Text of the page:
Critical Disability Studies Thematic Group
Aims and Objectives (updated Feb 2021)
Year Established: 2008
This group is comprised of scholars whose work and research in Critical disability Studies include: disability, race, and ethnicity; disability and poverty; education, schooling, and pedagogy; disability and children; law and human rights, free speech and hate speech; policy; violence and marginality, ableism, ability and use of technology, and social inclusion. Members include those with lived experience of disability, madness, and neurodiversity as well as allies, who are activists, advocates, bureaucrats, educators, carers, and parents.
The CDS thematic group facilitates and supports research and collaboration into the social life of ability and disability, however that is defined, and the broad and various intersectionalities within these fields. It also aims to promote social awareness, foster collaborative endeavours, and disseminate knowledge around issues pertaining to dis/ability and dis/ableism.
Aligning with our critical disability studies politics and praxis, we are:
Note: our account of critical disability studies draws from Goodley (2017) and Shildrick (2012).
- respectful of the foundations of disability studies, and in particular the social model of disability;
- attuned to the local and global, regional and urban, national and international contexts and their differential impacts on disabled people;
- attentive to the relational qualities of disability, and while ‘critical disability studies might start with disability it never ends with it, remaining ever vigilant of political, ontological and theoretical complexity’ (Goodley 2019: 191);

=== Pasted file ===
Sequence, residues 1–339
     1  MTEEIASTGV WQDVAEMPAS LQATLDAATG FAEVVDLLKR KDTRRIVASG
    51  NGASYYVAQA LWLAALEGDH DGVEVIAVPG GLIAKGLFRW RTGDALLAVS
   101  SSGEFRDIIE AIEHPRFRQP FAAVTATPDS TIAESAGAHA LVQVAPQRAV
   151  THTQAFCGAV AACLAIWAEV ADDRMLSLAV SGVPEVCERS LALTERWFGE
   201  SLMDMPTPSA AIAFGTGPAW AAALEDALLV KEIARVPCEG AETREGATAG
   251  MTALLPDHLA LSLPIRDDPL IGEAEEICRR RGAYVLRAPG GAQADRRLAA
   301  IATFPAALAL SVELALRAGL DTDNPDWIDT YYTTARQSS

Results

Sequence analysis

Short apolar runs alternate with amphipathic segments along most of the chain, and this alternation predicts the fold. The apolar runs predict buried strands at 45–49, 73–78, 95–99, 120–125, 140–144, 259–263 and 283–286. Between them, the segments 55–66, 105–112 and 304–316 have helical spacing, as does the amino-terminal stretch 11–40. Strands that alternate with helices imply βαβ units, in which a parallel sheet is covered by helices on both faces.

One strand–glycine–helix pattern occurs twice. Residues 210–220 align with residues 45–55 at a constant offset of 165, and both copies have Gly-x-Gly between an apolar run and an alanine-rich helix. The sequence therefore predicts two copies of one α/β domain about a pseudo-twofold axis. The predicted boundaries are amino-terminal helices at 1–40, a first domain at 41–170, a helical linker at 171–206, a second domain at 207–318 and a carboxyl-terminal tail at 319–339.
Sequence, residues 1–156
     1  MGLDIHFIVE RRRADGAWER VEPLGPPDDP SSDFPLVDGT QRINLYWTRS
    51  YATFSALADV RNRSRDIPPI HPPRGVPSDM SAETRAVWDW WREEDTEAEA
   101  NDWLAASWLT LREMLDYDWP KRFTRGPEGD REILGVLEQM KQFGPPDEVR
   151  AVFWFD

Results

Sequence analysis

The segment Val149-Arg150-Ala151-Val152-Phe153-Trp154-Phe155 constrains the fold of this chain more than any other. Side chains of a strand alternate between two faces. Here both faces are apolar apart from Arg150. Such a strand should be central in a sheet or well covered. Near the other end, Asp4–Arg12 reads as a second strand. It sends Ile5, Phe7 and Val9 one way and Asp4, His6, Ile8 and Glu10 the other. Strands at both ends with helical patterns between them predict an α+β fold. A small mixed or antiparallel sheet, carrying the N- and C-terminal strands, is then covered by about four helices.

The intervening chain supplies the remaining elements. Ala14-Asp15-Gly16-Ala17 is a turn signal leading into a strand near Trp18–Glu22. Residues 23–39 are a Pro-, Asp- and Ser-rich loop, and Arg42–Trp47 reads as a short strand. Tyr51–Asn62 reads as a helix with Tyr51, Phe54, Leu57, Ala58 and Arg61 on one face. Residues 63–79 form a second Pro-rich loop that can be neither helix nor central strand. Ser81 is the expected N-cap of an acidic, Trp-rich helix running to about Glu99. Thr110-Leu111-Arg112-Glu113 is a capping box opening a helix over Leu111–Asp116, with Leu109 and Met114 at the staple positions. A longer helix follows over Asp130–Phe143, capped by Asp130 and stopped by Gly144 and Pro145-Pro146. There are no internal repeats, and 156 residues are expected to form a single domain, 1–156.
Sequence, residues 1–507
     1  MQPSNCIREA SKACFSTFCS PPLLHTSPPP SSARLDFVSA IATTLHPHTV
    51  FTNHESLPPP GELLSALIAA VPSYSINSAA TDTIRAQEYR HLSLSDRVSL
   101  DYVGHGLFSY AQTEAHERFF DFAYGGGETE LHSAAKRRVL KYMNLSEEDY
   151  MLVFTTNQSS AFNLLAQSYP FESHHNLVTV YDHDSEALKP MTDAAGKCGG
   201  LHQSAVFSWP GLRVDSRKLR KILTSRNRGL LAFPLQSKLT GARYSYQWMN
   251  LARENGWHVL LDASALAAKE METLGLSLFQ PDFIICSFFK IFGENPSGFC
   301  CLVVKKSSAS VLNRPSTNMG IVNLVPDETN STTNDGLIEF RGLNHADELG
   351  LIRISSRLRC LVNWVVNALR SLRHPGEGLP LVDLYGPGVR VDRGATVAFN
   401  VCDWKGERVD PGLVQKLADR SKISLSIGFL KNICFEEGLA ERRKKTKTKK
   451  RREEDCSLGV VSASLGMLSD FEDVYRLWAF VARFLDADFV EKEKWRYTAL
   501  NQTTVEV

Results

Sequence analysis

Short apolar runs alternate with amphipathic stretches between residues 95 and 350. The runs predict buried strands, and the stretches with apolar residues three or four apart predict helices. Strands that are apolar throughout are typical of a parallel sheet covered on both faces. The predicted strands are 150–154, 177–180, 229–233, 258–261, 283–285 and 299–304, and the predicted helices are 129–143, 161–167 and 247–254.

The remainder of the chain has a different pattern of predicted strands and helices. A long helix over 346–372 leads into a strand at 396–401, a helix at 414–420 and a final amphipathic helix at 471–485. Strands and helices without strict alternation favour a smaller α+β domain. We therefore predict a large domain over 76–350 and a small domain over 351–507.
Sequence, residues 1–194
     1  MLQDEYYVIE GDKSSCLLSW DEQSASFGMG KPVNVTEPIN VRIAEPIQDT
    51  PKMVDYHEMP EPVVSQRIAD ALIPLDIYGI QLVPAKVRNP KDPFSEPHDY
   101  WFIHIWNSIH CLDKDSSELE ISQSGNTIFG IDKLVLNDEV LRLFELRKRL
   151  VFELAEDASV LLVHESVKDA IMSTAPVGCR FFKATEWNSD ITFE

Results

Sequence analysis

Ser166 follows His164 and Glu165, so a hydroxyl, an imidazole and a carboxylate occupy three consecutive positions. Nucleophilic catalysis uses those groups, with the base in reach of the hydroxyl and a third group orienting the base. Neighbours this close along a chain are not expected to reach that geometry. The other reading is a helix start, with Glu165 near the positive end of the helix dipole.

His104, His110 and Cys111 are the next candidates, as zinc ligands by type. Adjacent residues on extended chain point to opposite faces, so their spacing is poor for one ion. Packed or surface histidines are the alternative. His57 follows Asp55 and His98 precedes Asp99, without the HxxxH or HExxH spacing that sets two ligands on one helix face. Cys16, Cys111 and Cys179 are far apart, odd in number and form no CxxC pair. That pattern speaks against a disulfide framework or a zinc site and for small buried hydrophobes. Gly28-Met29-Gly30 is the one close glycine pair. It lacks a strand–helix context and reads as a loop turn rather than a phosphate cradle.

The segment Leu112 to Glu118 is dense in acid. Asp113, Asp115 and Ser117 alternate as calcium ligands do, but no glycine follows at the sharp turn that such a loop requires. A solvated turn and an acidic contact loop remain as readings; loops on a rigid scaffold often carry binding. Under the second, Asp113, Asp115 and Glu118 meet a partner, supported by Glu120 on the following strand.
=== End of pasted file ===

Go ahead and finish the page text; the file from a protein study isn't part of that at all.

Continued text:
- mindful that analyses of disability should not preclude considerations of other forms of injustice, including racism, sexism, heterosexism, and other vectors of power;
- adherents of relationality and criticality (including within critical disability studies itself);
- Interested in imagining disability as the site of human un/becoming.
Additionally, the CDS group is committed to collegial and cohesive forums that encourage debate and reflection, supporting emerging and post-graduate students, and providing avenues for researchers to collaborate and share their research in supportive inclusive environments.
Goodley, D 2017, Disability Studies: An Interdisciplinary Introduction
, 2nd edn, SAGE, London.
Shildrick, M 2012, ‘Critical Disability Studies: Rethinking the Conventions for the Age of Postmodernity’, in Routledge Handbook of Disability Studies, edited by N Watson, Routledge, London and New York, pp. 30-41.
SSW Event: Sociology and Disability Justice Transforming our World
Critical Disability Studies Forum on Covid-19